There are internal and external factors that influence feed efficiency. Internal factors originate in the animal and include genetics, age, body composition, and health status. In contrast, external factors include feed composition, processing, and quality, as well as the environment, welfare enrichment, and social aspects.

1. Species

Different species have different body sizes and physiology and, therefore, vary in their growth and maintenance requirements, impacting their efficiency in converting the feed.

Table 1: FCRs of different species

Compared to terrestrial animals, for example, fish and other aquatic animals have a low FCR. Being poikilothermic (animals whose body temperature ranges widely), they don’t spend energy on maintaining their body temperature if the surrounding water is within their optimal range. As they are physically supported by water, they also need less energy to work against gravity. Furthermore, carnivorous fish are offered highly digestible, nutrient-dense feed, which lowers their requirements in quantity. Omnivorous fish, on the other hand, also consume feedstuffs not provided by the producer (e.g., algae and krill), which is not considered in the calculation. Broilers are the only farm animals achieving a similar FCR.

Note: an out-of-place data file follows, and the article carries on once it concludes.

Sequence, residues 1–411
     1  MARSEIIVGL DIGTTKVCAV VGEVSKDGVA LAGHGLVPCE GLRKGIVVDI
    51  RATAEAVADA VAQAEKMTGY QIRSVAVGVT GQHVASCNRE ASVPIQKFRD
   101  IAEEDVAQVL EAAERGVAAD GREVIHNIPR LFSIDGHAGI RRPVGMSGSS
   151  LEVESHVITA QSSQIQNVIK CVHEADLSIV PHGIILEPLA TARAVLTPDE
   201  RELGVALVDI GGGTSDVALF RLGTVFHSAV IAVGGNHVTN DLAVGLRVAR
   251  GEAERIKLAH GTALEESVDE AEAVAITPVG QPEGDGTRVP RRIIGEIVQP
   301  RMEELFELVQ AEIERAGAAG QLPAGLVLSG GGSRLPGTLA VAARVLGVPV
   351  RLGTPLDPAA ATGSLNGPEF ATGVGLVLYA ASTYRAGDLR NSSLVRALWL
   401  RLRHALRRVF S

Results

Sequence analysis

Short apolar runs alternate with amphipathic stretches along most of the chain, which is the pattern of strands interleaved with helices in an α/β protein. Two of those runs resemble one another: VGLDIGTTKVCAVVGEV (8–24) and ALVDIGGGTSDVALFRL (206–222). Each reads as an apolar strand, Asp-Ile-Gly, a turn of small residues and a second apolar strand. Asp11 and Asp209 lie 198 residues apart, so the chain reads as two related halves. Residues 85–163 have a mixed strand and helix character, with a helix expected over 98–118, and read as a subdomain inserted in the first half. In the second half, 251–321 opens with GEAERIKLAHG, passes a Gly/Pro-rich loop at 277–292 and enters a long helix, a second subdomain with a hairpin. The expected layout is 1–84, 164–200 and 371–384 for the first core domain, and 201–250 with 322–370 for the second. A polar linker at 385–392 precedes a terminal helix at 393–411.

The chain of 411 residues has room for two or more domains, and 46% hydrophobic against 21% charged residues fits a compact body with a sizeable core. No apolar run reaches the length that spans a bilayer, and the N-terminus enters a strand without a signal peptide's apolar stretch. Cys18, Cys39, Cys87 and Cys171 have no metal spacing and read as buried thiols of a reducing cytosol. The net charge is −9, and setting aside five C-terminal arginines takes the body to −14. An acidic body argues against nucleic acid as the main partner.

2. Sex, age, and growth phase

Sex determines gene expression related to the regulation of feed intake and nutrient utilization. Males have a better feed conversion and put on more lean meat than females and castrates, which grow slower and easier run to fat.

Young animals have a fast growth rate and are offered nutritionally dense feed; hence, their FCR is lower. When the animal grows and gains weight, its energy requirement for maintenance increases and its growth rate and the feed nutrient density diminish.

Table 2: FCR during different life phases of pigs (based on Adam and Bütfering, 2009)

Age / weight / phase FCR
Piglet 0 – 2 weeks 1.1 – 1.2
3 – 6 weeks 1.6 – 1.8
Grower-finisher 30 – 120 kg ~ 2.6
End of fattening 4 – 5

3. Health and gut health

Health decisively impacts feed conversion. An animal that is challenged by pathogens reduces its feed intake and, thus, decreases growth. Additionally, the body needs energy for the immune defense, the replacement of damaged or lost tissue, and heat production, in case of fever. As many immune components are rich in protein, this is the first nutrient to become limited.

An imbalance in the gut microbiome also impacts feed conversion: pathogenic microorganisms damage tissues, impair nutrient digestion and absorption, and their metabolic products are harmful. Furthermore, pathogens consume nutrients intended for the host and continue to proliferate at its expense.

4. Environment